This list could begin and end with Roberto Clemente. Born in Puerto Rico, he burst into the baseball world with a vengeance in 1955 and never looked back. He played his entire career with the Pittsburgh Pirates and finished with 3,000 hits, 240 home runs, and a .317 batting average. He was the first celebrity Latino player of the Major Leagues and is generally considered among baseball’s greatest players. In 1973, his life was cut short at the age of 38 when he was killed in a plane crash delivering aid to victims of an earthquake in Nicaragua.
Juan Marichal may be remembered most for his high leg kick pitching delivery and taking a baseball bat to an opposing player in a bench-clearing brawl. But this Dominican native amassed more wins than any other pitcher in the 1960s and is still only one of two pitchers in the modern era to have more than one 25-win season (he and Sandy Koufax each had three). Marichal had exceptional control despite his intimidating presence, striking out 2,303 batters while only walking 709.
In addition to membership in one of baseball’s most celebrated families, Matty Alou is also remembered as a great hitter in a time of great pitching. A native of the Dominican Republic, he was an expert at getting on base. Never known for his power, Alou only had 31 home runs in his career, but he batted .307, making him a threat to getting on base whenever he stepped up to the plate. Alou’s brothers Felipe and Jesus also played in the majors, including a stint with the San Francisco Giants where the trio became the first three siblings to play together in a game and bat in the same inning.
If you’ve ever seen an infielder intentionally bounce a long throw to first base, you can thank Dave Concepcion. This Venezuelan native was a key component of the famed Big Red Machine of the 1970s Cincinnati Reds where he helped the team win back-to-back World Series titles. He was an exceptional fielder and hitter, playing winter ball in Venezuela to improve his game. Always a smart player, Concepcion realized he could use the new artificial surface to his benefit on long throws by bouncing the ball to first, and spent countless hours perfecting the practice.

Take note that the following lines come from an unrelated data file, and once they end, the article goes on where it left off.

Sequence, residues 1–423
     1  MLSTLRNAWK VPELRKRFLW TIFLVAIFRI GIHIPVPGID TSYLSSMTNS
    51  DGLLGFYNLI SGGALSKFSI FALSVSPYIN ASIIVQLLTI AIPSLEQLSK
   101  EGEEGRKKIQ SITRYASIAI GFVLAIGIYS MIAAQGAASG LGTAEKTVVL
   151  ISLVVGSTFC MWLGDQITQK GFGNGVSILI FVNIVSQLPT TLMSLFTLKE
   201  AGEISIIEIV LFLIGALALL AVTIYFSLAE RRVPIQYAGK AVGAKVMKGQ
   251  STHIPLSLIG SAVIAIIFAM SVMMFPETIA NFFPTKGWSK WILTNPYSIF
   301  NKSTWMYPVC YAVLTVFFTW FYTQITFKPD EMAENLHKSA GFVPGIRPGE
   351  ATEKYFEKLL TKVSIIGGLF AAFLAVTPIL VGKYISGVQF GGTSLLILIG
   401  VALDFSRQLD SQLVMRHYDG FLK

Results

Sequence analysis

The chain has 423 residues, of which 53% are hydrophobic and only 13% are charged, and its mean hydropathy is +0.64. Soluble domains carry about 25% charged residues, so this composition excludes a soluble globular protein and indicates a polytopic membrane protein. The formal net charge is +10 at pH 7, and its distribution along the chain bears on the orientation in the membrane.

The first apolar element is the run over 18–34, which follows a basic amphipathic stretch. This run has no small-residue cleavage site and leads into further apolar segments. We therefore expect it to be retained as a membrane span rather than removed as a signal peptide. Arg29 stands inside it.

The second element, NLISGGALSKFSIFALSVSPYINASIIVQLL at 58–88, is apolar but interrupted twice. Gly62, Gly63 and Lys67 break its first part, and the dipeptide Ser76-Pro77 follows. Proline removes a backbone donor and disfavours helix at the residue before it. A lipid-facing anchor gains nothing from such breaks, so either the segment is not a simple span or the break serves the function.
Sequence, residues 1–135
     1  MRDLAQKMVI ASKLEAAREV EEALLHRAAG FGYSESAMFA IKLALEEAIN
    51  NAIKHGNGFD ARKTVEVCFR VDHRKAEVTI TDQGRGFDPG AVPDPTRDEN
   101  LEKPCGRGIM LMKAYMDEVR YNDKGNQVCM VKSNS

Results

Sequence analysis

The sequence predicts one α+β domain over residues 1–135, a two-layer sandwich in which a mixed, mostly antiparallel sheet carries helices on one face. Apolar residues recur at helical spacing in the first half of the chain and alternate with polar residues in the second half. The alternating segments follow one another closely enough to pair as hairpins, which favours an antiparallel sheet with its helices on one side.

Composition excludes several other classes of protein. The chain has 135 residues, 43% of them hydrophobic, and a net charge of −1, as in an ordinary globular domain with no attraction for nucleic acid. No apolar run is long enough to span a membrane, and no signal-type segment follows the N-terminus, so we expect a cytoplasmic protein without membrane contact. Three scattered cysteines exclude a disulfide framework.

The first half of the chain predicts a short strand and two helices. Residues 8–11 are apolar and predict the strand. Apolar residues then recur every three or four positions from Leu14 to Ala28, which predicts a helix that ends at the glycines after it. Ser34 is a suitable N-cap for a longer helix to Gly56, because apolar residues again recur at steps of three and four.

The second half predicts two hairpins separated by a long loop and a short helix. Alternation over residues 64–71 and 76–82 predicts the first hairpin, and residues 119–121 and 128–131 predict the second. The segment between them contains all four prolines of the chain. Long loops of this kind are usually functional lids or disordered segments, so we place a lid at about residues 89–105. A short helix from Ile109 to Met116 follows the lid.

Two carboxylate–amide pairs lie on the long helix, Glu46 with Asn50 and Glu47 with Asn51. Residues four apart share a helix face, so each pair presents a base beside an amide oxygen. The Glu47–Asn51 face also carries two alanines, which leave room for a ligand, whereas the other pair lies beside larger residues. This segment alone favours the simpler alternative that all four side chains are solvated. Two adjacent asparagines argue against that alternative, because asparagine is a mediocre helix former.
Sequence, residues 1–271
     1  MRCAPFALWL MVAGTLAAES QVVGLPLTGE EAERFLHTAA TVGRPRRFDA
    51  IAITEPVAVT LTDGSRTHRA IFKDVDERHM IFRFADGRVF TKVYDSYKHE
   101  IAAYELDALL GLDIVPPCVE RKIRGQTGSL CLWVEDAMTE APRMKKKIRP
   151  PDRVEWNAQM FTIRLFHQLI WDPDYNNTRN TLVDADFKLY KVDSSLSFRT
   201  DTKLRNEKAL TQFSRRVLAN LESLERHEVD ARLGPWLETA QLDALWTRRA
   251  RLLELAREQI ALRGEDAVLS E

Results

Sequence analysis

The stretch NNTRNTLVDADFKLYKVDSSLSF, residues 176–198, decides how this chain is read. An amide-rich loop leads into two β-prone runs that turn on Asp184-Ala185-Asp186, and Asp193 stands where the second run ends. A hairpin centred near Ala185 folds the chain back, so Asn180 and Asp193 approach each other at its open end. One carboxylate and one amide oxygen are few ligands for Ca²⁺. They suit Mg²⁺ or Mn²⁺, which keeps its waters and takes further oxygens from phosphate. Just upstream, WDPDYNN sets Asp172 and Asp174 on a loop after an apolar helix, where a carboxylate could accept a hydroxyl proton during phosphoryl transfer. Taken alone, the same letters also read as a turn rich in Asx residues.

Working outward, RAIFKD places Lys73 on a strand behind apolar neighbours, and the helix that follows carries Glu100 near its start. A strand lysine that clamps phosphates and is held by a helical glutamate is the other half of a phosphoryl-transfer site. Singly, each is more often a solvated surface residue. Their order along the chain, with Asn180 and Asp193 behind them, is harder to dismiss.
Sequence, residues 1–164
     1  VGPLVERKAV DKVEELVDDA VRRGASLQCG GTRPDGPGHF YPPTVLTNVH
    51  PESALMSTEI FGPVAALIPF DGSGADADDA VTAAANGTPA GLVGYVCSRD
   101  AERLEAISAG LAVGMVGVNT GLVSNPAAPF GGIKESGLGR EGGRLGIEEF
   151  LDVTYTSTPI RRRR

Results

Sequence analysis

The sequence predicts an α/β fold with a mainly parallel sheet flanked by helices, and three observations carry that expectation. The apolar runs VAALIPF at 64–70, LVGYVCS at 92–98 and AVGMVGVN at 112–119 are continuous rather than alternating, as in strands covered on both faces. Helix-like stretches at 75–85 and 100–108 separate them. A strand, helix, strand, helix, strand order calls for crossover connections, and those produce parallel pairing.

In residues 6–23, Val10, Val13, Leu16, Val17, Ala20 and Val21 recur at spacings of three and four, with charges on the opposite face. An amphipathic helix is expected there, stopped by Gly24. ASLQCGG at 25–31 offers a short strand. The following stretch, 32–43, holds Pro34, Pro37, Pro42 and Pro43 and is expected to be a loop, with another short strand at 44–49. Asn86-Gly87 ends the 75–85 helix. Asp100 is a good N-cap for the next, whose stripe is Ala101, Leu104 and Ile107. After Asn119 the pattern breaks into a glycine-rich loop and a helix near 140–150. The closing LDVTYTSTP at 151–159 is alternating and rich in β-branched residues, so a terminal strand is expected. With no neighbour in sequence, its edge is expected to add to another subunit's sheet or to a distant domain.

Almost single-handedly, Fernando Valenzuela washed away the bad blood that existed between the Los Angeles Dodgers and the Latinx community over the construction of Dodger stadium, using eminent domain. “Fernandomania” swept the southland in the 1980s when 20-year-old Valenzuela took the mound and won his first eight starts, including five by shutout. He was the only player to win both the Cy Young and Rookie of the Year awards simultaneously. During his career, he pitched a no-hitter and had 10 career home runs. His humble origins in the small village of Navojoa in northern Mexico endeared him to his fans. While his popularity was especially important to the Latinx community, Valenzuela was key to building a bridge between the Latinx and white communities, much like Roberto Clemente before him.